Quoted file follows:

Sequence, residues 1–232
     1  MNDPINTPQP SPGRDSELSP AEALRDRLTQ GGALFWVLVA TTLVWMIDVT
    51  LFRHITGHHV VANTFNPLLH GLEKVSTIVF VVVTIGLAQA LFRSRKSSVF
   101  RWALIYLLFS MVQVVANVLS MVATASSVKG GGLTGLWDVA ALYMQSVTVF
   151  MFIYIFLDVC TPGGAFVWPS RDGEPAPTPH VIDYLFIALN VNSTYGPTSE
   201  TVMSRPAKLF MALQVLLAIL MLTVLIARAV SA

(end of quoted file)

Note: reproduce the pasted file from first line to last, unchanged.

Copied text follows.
Sequence, residues 1–232
     1  MNDPINTPQP SPGRDSELSP AEALRDRLTQ GGALFWVLVA TTLVWMIDVT
    51  LFRHITGHHV VANTFNPLLH GLEKVSTIVF VVVTIGLAQA LFRSRKSSVF
   101  RWALIYLLFS MVQVVANVLS MVATASSVKG GGLTGLWDVA ALYMQSVTVF
   151  MFIYIFLDVC TPGGAFVWPS RDGEPAPTPH VIDYLFIALN VNSTYGPTSE
   201  TVMSRPAKLF MALQVLLAIL MLTVLIARAV SA